Bamboo Timber: The story of a small-scale timber project in rural India
In February 2017, I was visiting an isolated village in the remote Himalayan foothills of the Himalayas.
The village was on a hilltop, just a few hundred metres away from the nearest town.
The locals had brought along a local lumberjack named Manu, a very proud and friendly man who always took his time to tell me stories of the timber he had cut, how he had worked with it, and how the villagers liked it.
When I arrived, he was just about to take me inside, when suddenly a large man emerged from a dense bush, a large tree, and came to meet me on the other side.
Manu was a very tall man, with a big face, a big jaw, and a big, long, dark beard.
He spoke very softly and very softly.
I asked him how he was doing, and he said he had been on a trek, and had just been about to start the trek when he heard the gunshots in the distance.
“That’s the sound of a sniper, you guys,” he said.
He was talking about the soldiers of the Indian army who had recently arrived, and they were shooting at a group of people who had been throwing rocks at the soldiers.
Manus was an elder of the village, and his father had joined the army after the fall of the last separatist government in 1971.
“When I heard that, I felt like crying,” Manus told me.
“We have been living here all our lives, and this is our home.
We’re not living like this in India anymore.”
For decades, the village had been a refuge for those who had fled violence and deprivation in India’s northeast.
Now, they had fled, and many of the people living there had lost their homes.
The land around Manus village was rich in timber.
It had been developed into a thriving, highly profitable industry, and the people who lived here had taken advantage of the economic boom.
In the 1970s, the country’s first government-controlled forest department had set aside more than a million hectares of forest for timber harvesting, and timber production had grown rapidly.
A year later, the government of Prime Minister Narendra Modi had declared a national forests declaration, and it was a government policy to make it easier for Indian forest owners to set aside land for logging.
A big government agency was created to oversee the logging, and in 2002, the Indian government created a national forest department under the title Forest Management and Management Improvement (FIMI) to manage forests.
The forest department is responsible for protecting forests and forests, while also promoting the forestry sector in the country.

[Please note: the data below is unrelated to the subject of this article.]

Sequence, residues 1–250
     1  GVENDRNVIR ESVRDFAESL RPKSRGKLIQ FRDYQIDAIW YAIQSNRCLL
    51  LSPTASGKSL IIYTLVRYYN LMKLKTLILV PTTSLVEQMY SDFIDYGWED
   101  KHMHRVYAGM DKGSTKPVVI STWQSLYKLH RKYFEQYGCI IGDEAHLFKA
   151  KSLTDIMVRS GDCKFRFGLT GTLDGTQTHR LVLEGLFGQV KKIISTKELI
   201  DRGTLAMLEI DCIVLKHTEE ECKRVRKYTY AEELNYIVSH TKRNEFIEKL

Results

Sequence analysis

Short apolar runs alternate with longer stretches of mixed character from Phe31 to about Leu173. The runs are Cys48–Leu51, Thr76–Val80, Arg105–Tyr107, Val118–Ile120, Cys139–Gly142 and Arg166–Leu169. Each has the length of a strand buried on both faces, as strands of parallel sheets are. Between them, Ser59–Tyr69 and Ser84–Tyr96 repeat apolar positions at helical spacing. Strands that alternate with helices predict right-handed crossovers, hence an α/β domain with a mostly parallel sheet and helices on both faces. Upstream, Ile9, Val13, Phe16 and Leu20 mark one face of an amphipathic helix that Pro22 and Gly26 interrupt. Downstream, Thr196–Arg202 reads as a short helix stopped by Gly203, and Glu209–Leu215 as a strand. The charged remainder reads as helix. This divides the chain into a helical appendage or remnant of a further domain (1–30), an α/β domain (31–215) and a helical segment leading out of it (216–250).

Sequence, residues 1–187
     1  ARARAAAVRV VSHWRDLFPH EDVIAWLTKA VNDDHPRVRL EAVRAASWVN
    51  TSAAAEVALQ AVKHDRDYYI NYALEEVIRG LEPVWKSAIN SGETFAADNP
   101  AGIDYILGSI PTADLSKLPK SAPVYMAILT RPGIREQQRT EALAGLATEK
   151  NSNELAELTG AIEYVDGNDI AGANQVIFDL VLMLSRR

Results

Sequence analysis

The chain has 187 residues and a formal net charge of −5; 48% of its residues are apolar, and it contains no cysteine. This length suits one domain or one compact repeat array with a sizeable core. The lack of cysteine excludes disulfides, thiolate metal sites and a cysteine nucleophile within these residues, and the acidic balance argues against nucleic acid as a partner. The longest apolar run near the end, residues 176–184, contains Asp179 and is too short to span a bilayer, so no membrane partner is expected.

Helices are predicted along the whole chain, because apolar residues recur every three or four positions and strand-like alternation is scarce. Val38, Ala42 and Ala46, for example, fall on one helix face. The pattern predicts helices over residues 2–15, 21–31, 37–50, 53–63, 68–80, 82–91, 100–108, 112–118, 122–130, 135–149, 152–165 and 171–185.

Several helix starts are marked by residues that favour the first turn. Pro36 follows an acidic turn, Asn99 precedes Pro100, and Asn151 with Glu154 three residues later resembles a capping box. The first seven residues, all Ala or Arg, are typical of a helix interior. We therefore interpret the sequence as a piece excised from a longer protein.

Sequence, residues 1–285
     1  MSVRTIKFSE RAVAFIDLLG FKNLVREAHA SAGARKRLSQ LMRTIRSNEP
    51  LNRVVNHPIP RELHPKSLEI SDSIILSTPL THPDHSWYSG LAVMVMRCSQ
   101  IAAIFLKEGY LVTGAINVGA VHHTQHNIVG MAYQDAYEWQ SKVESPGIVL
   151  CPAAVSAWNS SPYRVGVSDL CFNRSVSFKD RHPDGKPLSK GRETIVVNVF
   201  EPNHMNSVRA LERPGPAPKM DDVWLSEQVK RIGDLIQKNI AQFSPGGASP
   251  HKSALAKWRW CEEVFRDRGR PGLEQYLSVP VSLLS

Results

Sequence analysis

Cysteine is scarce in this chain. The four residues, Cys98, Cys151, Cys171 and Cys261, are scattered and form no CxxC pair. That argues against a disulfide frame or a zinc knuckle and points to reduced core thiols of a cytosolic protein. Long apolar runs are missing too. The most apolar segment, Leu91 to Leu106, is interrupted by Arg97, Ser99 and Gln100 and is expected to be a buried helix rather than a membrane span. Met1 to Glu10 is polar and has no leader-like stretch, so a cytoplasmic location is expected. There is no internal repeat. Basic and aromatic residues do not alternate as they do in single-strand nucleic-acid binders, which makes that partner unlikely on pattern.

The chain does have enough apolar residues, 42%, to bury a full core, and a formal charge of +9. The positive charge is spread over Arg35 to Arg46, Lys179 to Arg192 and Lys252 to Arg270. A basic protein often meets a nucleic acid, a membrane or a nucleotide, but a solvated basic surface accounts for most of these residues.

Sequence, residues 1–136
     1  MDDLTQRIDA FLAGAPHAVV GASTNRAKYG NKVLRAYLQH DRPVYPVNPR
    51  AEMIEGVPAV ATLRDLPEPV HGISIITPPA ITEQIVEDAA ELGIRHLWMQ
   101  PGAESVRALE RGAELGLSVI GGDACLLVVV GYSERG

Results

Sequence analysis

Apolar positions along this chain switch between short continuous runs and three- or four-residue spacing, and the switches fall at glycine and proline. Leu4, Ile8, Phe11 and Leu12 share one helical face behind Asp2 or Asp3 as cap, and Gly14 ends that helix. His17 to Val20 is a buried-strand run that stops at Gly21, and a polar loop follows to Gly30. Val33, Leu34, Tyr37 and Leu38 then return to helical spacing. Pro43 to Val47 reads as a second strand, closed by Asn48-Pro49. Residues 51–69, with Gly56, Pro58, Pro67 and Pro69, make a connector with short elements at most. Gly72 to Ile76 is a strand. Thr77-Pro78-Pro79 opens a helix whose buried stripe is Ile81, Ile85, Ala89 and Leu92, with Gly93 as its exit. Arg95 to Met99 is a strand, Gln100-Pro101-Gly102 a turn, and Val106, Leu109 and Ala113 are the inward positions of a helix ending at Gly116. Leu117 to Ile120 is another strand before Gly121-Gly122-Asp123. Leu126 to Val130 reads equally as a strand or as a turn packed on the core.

In 2009, when Manus began his trek, the forest department and the department of forests, which is under the Ministry of Environment and Forests, had set up a system of monitoring and assessing the timber that the forest management department had approved for the forest, and which had been approved by the forest board, in addition to the Forest Development and Forestry Board, which was a separate body.
It was in this environment that Manus came upon the group of armed men.
As I was coming to understand how the people in Manus knew the forest so well, I started thinking about how the Indian forest management and forest board could be the first to protect it from these attacks, and I also started thinking that if the people of Manus were to be the most important stakeholders in this issue, the people they work with in this country should also be the greatest stakeholders.
A few days later, a group from the forest ministry, accompanied by a team from the department, arrived at Manus, carrying what they called a special-purpose vehicle, or PPUV, a white military vehicle.
It carried a large, heavy-looking trailer with an armed guard on board, with the name of the forest development and forestry board.
The PPUVs are small, armoured vehicles that are designed to carry heavy equipment and can be deployed anywhere in the forest.
The vehicle had two people sitting on the front seats, one of them holding the driver’s seat, and on the rear of the vehicle were two armed men, each carrying a gun.
They were the forest officials and forest officials were armed.
One of the men was wearing a long, black jacket with a white shirt and a red bowler hat.
He had a long beard.
The other man was wearing an outfit that had a green shirt with white trousers, a black bowler, and some kind of white hat with an orange bowler.
In addition to these two armed people, they also had a civilian who had his hands on his waist, and two men, one with his feet on the ground, and another one who was wearing boots.
One man was carrying a white pistol, while the other was holding a black pistol with a black trigger.
The two men were dressed in full army fatigues, and were wearing camouflage uniforms.